More Words Than Differences among the New Testament Manuscripts. Part 1.
Prof Bart Ehrman is famous for his rhetorically powerful statement that there are more differences among the Greek manuscripts of the New Testament than there are words. It is true that there are about 400,000 differences among the 5,500 Greek manuscripts of the New Testament, but the real question is one of significance. How many differences could be authentic, and how many do impact the meaning of the verse?
I am going to break this topic down into four sections in order to give even a basic overview. If you want to see the fuller answer now, please check out my new book, Why I Trust the Bible, and the ongoing discussion at BillMounce.com/trust.
For those not familiar with the field of textual criticism, I’ll start in this blog with a brief overview of the key terms and an overview of the basic principles of textual criticism.
- We use the term “autograph” to refer to the original document written by the author. We have none of the autographs; parchment tends to wear out.
- Copies of the autographs are called “manuscripts.” These were made manually by scribes, and it is true that in so doing they did make unintentional mistakes, and they did make intentional changes.
- These differences between the texts are called “variants” or different “readings.” These include differences in wording (additions, omissions, changes), differences in word order, and even spelling. And it doesn’t matter whether a variant occurs in one manuscript or a thousand, it doesn’t matter if a variant occurs in a second-century or a tenth-century manuscript, it’s still counted as a variant. It is true that are about 400,000 variants in the approximately 5,500 Greek manuscripts of the New Testament.
Principles of Textual Criticism
Textual criticism was created to look at the variants and decide which reading most likely reflects the original text. Textual critics look at two basic things.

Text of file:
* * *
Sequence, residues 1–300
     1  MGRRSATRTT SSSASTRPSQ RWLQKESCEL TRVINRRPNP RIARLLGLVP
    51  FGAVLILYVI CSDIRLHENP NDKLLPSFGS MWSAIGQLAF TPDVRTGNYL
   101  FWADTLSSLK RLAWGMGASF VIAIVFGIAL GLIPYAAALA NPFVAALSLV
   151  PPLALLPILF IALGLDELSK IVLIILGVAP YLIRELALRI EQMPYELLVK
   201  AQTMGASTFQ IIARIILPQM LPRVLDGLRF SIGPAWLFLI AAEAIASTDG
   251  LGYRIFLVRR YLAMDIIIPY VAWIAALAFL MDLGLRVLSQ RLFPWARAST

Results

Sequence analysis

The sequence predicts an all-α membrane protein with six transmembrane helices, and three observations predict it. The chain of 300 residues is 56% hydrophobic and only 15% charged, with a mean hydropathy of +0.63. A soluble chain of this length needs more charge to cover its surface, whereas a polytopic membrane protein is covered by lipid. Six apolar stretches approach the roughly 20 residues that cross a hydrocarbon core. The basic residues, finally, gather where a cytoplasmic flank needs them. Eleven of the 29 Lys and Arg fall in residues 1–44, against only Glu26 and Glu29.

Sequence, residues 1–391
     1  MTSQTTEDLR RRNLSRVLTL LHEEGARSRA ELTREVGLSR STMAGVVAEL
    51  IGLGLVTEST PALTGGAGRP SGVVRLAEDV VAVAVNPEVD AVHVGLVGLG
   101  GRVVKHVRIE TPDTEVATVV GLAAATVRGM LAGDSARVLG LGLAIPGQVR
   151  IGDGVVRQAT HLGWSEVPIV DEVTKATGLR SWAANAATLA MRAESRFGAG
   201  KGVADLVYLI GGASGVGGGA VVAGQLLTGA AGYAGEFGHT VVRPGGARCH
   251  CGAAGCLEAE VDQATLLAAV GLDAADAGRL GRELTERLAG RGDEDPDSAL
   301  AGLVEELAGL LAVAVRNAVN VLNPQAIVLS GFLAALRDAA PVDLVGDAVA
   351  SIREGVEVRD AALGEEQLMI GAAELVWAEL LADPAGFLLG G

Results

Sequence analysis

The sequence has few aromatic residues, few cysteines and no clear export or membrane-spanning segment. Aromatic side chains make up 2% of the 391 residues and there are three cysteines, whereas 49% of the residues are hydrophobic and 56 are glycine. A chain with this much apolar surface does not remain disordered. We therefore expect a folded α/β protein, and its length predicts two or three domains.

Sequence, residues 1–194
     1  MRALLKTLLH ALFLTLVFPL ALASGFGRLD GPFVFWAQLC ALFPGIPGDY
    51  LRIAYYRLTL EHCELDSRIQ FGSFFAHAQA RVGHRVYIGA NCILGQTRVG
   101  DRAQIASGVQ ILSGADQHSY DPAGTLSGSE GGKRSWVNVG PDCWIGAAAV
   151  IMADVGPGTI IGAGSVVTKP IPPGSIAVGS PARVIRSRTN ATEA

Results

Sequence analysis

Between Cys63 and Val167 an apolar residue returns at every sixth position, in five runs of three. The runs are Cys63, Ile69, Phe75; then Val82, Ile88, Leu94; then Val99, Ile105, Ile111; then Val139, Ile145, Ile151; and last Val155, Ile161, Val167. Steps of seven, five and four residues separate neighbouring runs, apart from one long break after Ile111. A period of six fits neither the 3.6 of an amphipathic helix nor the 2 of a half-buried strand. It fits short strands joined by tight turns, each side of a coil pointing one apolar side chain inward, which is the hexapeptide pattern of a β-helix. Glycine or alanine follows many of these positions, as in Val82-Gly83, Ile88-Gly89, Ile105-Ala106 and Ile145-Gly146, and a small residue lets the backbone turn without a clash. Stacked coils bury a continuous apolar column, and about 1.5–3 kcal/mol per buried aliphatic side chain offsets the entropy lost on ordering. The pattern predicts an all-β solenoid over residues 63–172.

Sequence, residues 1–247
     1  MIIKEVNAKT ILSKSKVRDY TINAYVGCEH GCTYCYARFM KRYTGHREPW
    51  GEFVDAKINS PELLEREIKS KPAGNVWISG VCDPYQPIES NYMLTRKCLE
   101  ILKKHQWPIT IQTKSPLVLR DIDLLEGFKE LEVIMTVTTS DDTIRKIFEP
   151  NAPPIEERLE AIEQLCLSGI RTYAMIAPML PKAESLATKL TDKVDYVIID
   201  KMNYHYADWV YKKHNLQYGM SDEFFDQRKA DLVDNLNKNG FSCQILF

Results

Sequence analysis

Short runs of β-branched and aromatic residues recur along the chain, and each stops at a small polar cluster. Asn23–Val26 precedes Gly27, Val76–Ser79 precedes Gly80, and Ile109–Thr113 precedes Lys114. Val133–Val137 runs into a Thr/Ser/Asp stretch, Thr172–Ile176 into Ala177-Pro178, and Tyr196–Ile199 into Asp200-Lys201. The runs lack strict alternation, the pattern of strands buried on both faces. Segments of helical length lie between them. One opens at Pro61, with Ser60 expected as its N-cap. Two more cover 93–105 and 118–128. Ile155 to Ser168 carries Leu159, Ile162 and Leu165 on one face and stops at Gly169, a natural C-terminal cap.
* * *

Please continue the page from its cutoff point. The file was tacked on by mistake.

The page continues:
(1) They look at external information, such as how old a manuscript is. The older manuscripts — generally 2nd to 4th century — are preferred to manuscripts from the later centuries since they are closer to the time of the autographs, and there has been less time, theoretically, for the text to have been changed.
(2) Textual critics also look at internal information. The basic rule is that the reading that best explains the others is more likely to be original. (I’ll give you an example in a second.) A similar principle is called the “shorter” reading. This means the variant with less words is generally preferred to the variant with more words. The shorter reading tends to better explain how the longer reading came about, and not vice-versa.
For example, when Jesus was explaining why the disciples couldn’t exorcise the demon, he says, “This kind can come out only by prayer.” Other manuscripts say, “prayer and fasting.” Is it more likely that the scribes added “and fasting,” or dropped “and fasting”? Since we know the scribal tendencies, in general, were to clarify, there is no reason why a scribe would have dropped “and fasting.” So the shorter reading, “except by prayer,” is viewed as the original, and explains the longer, “except by prayer and fasting.”
So textual critics look at both external and internal evidence.
Incidentally, I should mention how variants are counted. In one verse, if 10 manuscripts say “Paul,” three manuscripts say “Peter,” and a 12th-century manuscript says “Martha,” these are considered three variants. This is how there can be more variants than words. But note that in this example, only one word is in question, with three possible answers.
In my blog next week, we will look at variants that are viable (they could be authentic) but are not meaningful (they don’t change the meaning of the text). This helpful distinction of “meaningful” and “viable” comes from Dr. Daniel Wallace. Over 70% of the 400,000 variants fit into this category.
Photo by Karolina Grabowska on Unsplash.
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